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versión On-line ISSN 2007-3364


SANCHEZ, Óscar  y  WILSON, Don E.. Food items of Macrotus waterhousii (Chiroptera: Phyllostomidae) in central Mexico. Therya [online]. 2016, vol.7, n.1, pp.161-177. ISSN 2007-3364.

Macrotus waterhousii is a phyllostomid bat whose diet is poorly known, particularly in semiarid and temperate central Mexico. In this work additional information is reported from food remains discarded by this bat, including taxonomic composition, frequencies and size range of consumed insects; the assessment of a prediction on prey hardness of food insects, at the ordinal level; relative energy reward of insect prey in the sample; a comparison of the composition of the food sample from the arid study locality against one from a subtropical-temperate site; and brief comments on the known ecological importance of particular prey in the arid site. A sample of insect food remains discarded by Macrotus waterhousii bulleri, was recovered from under a roost in semiarid northern Querétaro, Mexico. The taxonomic identity, estimated relative abundance, size, hardness, and ecological relations of prey species in the sample were studied and results were compared with reference to feeding ecology. A comparison of the data with available information on food taken by Macrotus waterhousii mexicanus in temperate-subtropical central Mexico was made. Information on the importance of the most relevant identified insects was extracted from literature and analyzed. In Querétaro, Lepidoptera, Hymenoptera, and Coleoptera were frequent; moths dominated but, as a single species, the (winged) ant, Atta mexicana was most frequent. Nocturnal insects were frequent; diurnal ones may have been gleaned at night. A sample from Estado de México featured Orthoptera, Coleoptera, and Lepidoptera. Wingspan range of frequent prey in Querétaro was 25-80 mm, but moths over 70 mm were over one fifth of the sample. Prey hardness estimation was similar to that for Macrotus californicus. Some insects identified are of ecologic and agricultural relevance. Insects known to be seasonally abundant in the environment were also abundant in the sample, presumably captured according to that availability. However this bat, aside from eating insects of moderate size in proportion to its jaw size, is also capable of capturing large moths and these may represent a significant energy intake. Most insects are nocturnal species. The taxonomic composition of the food samples from both areas suggests that M. waterhousii (sensu lato) may be mostly an opportunistic predator. Local insect fauna composition and dynamics may be hypothesized to influence food taken by M. waterhousii. Several insect species consumed by this bat in semiarid Querétaro have crucial roles in the ecology of arid land vegetation, as well as some economic importance for agriculture as pests.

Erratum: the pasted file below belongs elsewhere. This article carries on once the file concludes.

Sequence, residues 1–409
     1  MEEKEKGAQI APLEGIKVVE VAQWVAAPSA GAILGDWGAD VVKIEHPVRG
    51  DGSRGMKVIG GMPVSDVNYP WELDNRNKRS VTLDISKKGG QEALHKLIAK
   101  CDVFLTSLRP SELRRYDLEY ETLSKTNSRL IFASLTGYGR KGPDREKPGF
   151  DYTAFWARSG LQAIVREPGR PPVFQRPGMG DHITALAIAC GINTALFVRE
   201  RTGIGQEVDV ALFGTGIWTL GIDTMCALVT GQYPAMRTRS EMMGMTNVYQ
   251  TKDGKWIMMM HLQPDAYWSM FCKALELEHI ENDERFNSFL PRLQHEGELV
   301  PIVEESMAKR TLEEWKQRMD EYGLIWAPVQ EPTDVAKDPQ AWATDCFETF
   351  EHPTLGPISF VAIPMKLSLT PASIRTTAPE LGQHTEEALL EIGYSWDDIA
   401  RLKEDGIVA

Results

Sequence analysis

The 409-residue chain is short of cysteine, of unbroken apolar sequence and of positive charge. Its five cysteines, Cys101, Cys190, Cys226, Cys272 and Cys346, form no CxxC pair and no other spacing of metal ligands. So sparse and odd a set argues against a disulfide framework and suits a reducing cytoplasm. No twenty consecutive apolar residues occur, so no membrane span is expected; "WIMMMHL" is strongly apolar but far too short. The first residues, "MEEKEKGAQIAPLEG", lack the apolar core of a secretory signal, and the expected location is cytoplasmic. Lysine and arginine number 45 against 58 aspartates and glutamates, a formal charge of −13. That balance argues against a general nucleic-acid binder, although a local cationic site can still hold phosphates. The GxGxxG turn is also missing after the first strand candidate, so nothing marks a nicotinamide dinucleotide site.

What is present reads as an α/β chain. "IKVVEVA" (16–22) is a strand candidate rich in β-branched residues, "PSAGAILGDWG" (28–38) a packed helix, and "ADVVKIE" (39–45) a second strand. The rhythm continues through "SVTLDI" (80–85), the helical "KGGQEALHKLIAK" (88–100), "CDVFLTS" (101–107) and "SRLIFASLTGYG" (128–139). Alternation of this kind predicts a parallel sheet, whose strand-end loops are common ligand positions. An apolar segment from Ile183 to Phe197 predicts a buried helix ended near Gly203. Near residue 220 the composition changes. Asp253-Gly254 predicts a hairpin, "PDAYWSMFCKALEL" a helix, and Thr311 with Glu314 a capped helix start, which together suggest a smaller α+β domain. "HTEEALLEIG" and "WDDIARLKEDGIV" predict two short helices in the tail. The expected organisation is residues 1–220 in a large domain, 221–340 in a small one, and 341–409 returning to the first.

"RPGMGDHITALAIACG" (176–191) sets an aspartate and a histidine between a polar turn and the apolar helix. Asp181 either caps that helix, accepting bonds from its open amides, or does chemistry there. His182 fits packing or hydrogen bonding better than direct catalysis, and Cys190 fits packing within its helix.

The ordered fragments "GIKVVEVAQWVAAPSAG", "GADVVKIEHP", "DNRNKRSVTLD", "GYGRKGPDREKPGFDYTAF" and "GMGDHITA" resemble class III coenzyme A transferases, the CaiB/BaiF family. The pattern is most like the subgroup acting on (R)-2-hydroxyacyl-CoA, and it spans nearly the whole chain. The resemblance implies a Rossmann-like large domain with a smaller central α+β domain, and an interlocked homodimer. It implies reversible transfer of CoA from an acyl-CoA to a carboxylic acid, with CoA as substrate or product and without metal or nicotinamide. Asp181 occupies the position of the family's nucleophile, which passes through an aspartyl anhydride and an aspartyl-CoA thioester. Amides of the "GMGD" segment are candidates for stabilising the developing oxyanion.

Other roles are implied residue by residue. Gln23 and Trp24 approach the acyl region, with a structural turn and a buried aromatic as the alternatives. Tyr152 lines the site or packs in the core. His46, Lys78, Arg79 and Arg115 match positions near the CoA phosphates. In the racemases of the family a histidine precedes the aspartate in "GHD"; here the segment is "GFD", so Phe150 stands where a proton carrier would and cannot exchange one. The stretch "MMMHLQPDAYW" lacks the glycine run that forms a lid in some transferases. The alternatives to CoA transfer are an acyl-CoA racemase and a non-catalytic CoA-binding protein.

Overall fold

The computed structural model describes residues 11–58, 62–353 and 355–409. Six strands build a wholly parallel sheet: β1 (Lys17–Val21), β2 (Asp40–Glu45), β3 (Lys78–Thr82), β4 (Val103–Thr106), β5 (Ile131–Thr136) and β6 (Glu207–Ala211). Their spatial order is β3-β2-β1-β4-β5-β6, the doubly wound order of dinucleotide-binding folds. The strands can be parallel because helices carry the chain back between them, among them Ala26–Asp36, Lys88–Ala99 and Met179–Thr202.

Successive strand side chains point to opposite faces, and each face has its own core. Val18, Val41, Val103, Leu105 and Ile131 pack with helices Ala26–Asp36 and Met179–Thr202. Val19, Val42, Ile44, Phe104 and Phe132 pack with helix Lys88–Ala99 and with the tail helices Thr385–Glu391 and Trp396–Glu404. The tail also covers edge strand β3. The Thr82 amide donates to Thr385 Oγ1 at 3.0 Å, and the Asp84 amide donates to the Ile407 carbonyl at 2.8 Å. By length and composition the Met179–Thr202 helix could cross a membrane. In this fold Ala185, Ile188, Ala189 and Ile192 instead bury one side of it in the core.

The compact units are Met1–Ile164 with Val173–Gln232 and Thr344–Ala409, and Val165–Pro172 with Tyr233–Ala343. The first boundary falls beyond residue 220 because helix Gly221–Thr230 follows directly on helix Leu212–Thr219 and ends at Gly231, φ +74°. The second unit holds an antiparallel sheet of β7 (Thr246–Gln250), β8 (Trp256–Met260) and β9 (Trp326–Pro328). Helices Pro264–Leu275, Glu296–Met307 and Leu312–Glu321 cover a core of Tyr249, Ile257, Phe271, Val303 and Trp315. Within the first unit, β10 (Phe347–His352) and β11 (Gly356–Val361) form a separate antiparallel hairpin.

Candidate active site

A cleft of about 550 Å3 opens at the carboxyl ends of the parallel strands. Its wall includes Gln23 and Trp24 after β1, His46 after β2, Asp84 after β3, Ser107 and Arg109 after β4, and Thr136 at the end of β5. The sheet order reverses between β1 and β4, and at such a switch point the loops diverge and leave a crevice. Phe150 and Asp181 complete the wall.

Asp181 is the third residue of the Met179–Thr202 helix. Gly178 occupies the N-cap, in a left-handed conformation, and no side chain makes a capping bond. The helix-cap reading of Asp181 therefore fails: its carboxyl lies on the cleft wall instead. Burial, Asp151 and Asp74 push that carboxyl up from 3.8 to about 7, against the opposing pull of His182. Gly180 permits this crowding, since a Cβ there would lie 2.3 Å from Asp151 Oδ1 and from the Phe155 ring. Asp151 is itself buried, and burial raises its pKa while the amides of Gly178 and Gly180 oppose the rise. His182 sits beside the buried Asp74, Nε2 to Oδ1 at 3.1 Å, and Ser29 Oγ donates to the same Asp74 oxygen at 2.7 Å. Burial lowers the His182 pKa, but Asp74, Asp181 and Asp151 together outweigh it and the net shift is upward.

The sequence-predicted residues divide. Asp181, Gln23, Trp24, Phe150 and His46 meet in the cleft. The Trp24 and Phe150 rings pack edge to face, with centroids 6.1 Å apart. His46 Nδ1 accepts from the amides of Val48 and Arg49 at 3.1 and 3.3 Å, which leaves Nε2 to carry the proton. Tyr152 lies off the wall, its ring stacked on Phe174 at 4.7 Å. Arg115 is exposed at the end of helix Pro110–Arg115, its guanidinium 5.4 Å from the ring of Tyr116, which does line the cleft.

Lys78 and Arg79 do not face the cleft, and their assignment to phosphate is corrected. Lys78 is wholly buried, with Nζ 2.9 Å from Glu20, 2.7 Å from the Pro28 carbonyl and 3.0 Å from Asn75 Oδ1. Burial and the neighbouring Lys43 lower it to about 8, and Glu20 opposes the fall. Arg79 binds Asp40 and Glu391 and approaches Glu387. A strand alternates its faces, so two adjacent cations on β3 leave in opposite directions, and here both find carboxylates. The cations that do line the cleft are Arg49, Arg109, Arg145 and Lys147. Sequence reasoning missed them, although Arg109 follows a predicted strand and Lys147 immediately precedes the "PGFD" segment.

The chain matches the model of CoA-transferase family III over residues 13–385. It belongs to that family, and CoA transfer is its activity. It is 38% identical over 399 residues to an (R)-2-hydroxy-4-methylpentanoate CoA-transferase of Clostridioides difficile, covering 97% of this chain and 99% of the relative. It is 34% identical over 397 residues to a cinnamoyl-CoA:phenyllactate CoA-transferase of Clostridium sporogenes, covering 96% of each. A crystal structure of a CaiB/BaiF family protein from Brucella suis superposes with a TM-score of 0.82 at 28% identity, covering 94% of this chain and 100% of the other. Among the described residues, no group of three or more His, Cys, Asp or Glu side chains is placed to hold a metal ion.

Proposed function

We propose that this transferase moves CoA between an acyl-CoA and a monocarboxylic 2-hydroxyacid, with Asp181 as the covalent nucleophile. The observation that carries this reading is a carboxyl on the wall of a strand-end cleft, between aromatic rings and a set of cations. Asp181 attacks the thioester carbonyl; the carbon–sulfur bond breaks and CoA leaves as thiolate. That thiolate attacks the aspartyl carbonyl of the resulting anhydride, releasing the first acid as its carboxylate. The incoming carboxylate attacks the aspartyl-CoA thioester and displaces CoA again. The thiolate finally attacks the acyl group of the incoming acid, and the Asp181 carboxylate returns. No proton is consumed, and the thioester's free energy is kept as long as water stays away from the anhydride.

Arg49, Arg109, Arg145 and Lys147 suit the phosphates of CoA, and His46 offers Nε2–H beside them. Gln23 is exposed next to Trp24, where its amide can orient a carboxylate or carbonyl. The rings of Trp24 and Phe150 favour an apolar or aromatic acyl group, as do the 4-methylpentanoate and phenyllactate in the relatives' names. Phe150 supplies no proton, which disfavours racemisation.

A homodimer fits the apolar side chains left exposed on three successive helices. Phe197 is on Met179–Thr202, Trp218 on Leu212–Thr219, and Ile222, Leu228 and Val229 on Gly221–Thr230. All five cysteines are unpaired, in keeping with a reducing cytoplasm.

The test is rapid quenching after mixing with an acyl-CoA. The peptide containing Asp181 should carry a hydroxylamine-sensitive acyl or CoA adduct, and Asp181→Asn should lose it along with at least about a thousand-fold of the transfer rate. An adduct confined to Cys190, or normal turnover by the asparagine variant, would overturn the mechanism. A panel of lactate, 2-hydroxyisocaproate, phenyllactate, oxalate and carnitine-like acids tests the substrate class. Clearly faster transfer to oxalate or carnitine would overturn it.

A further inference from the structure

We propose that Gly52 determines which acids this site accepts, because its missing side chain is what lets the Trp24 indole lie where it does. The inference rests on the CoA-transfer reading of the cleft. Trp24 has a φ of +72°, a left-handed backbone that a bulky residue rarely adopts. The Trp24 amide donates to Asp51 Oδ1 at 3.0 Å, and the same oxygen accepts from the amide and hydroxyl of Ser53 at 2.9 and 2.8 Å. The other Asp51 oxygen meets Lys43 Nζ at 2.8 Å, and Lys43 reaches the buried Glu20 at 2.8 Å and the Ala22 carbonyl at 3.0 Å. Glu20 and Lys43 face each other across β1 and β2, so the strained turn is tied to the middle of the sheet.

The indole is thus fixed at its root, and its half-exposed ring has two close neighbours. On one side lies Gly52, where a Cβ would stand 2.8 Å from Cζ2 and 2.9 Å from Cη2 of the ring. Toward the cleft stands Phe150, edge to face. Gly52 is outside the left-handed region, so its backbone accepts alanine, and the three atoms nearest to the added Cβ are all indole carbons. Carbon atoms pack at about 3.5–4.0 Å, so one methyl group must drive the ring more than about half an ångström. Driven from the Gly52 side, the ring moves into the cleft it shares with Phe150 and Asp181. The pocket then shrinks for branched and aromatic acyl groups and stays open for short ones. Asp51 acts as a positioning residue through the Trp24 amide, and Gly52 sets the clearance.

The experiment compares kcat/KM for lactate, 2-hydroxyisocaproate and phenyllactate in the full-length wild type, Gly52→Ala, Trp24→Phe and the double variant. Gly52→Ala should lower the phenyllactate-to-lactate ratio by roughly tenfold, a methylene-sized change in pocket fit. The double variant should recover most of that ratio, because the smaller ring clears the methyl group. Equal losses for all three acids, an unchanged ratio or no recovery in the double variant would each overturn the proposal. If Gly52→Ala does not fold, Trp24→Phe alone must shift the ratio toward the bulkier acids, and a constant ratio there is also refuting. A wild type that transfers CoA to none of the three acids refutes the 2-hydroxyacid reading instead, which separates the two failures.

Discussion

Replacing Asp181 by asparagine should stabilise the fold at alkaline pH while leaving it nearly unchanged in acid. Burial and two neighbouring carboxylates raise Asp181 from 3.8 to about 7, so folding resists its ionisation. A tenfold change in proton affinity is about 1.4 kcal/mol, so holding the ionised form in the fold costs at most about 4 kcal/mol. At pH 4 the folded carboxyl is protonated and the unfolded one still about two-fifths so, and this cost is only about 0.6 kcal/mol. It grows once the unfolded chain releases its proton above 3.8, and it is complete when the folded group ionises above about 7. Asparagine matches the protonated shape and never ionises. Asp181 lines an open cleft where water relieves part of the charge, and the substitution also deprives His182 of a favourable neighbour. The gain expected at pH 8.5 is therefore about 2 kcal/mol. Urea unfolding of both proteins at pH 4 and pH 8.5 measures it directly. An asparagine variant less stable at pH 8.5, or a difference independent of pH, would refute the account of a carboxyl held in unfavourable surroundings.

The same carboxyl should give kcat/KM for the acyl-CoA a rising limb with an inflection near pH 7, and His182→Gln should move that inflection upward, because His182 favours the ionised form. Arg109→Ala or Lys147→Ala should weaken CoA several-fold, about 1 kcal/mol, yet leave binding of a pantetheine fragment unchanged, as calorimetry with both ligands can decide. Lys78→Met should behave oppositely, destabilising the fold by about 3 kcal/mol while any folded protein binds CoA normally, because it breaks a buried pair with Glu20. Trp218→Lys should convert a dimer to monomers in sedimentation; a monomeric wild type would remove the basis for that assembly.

Palabras llave : diet; Estado de México; insectivory; Macrotus waterhousii; Querétaro.

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